REP 16 - Your clinic and fraud: a cautionary tale
Starting a new business has its risks, maybe even more so for physiotherapists, as they are typically not formally trained in business.
But there are some risks that even the most seasoned business owner can’t completely avoid, such as fraud. Corporate fraud is a reality for many business owners.
Corporate fraud is done either by or against a company. It is often done by the misappropriation of company assets, creating fictional revenues, concealing expenses, or under/over stating revenues, and often involves the theft of revenue or data (personal information, etc.).
According to the Global Economic Crime Survey completed by PricewaterhouseCoopers (PwC) in 2011, 34% of the 3,877 companies surveyed worldwide reported that they were victim to economic crime. Of the Canadian companies surveyed, 32% reported being victim to economic crime during the previous 12 months.
We often hear about large businesses being defrauded, but often don’t consider that your physiotherapy businesses might be at risk as well. Reg Speers, a physiotherapist who has owned six physiotherapy clinics in Central Alberta, learned this the hard way.
Reg has agreed to share his story to prompt physiotherapists who currently have a business or to those thinking of starting a new business to think about safeguards to prevent fraud.
In 2000, three months after graduating from the University of Alberta, I purchased my first physiotherapy clinic. I have owned six physiotherapy clinics in Central Alberta, and all have been or continue to be successful businesses with the exception of one.
The first clinic I owned I merged with another in the same area of the city. Soon afterwards, an office manager was hired to help manage the day-to-day administration of the clinic. Unbeknownst to my partner and I, the officer manager opened an account and redirected funds meant for the clinic.
Cheques were deposited into this account with the office manager then deleting the transactions associated with the deposited funds on the clinic’s software. The misappropriation was not detected due to the office manager’s alteration of the accounting records.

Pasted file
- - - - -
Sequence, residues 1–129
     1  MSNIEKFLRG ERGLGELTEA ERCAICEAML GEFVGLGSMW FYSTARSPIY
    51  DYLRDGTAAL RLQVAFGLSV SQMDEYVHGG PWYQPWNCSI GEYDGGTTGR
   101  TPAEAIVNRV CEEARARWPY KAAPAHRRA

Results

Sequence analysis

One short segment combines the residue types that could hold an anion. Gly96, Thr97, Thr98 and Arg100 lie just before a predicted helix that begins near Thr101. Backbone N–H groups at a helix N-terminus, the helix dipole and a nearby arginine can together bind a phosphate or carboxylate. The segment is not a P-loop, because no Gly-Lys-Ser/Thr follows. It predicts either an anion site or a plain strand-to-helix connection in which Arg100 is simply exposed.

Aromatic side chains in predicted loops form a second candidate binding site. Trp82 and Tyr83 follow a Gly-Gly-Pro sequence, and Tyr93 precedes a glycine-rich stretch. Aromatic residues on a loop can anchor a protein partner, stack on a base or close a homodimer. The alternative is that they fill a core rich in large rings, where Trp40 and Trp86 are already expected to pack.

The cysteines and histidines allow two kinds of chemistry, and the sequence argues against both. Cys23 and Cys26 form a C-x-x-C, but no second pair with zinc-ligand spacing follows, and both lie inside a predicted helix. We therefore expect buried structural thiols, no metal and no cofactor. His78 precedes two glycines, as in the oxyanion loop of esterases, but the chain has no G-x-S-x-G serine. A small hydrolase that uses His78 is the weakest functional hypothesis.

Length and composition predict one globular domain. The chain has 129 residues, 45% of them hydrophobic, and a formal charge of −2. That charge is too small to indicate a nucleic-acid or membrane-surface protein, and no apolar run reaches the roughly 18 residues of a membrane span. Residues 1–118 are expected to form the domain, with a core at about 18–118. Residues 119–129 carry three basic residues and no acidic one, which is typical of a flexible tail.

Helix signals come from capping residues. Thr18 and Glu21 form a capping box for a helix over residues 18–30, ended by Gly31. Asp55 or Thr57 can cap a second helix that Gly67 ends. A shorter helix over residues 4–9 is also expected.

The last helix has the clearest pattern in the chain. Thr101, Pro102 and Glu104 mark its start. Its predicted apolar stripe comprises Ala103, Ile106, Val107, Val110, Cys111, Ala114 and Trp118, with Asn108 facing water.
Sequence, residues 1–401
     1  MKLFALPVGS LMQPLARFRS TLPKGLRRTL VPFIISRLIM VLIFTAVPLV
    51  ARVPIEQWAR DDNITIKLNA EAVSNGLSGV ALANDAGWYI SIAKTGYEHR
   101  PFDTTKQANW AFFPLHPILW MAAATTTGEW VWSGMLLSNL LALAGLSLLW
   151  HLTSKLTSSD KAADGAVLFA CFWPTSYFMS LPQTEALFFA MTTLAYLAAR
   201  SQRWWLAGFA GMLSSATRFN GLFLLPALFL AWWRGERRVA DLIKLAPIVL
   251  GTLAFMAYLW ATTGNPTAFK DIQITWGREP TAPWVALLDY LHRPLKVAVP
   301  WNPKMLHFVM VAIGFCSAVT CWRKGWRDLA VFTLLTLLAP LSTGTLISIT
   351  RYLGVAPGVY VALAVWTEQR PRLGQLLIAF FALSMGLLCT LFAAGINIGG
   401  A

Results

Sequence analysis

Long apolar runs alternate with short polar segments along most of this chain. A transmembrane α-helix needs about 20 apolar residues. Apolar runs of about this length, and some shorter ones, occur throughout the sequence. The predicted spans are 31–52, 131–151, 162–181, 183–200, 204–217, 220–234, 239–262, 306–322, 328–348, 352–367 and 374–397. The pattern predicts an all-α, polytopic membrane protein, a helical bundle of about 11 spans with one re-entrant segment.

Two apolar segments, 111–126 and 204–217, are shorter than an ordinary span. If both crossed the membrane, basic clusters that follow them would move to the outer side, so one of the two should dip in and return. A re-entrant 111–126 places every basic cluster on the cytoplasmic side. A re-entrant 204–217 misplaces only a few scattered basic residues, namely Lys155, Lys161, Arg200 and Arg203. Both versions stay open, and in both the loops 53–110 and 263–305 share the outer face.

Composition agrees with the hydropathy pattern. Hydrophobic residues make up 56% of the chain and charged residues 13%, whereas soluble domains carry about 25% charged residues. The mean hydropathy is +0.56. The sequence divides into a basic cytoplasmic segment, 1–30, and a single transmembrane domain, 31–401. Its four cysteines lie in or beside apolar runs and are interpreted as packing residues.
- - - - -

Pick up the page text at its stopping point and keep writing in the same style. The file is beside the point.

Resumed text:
During the period from November 2001 to September 2004, the office manager defrauded the business of close to $500,000, and used the funds deposited into the fraudulent account for personal expenses and to gamble at local casinos.
I was aware that something was not right with the clinic’s accounting, as revenues were being generated but not profit. In addition to discussions with my accountant and bookkeeper, in late 2003, I brought in the expertise of an outside company to help my financially struggling clinic, but to no avail.
And then, in early September 2004, a client reported that a $720 outstanding bill for physiotherapy services at the clinic had been paid by the client’s insurance company.
I called the insurance adjuster associated with that client’s claim, and requested a copy of the front and back of the cheque that was to have paid the client’s bill. When I examined the back of this cheque, I noted that the cheque had been deposited at a financial institution that my clinic did not have a bank account with.
Later, it was discovered that the bank’s policies and procedures had not been followed when the office manager opened the account.
Further investigation uncovered the entirety of all the misappropriated funds. After filing a police report, my associates and I attempted to confront the office manager at the clinic.
Subsequently, the office manager filed false claims at the local Health Region offices claiming the physiotherapy clinic misappropriated funds and double-billed the Health Region, which resulted in an investigation and legal action by the Health Region.
In the end, the office manager was charged criminally and it took more than three years for this matter to go to criminal court.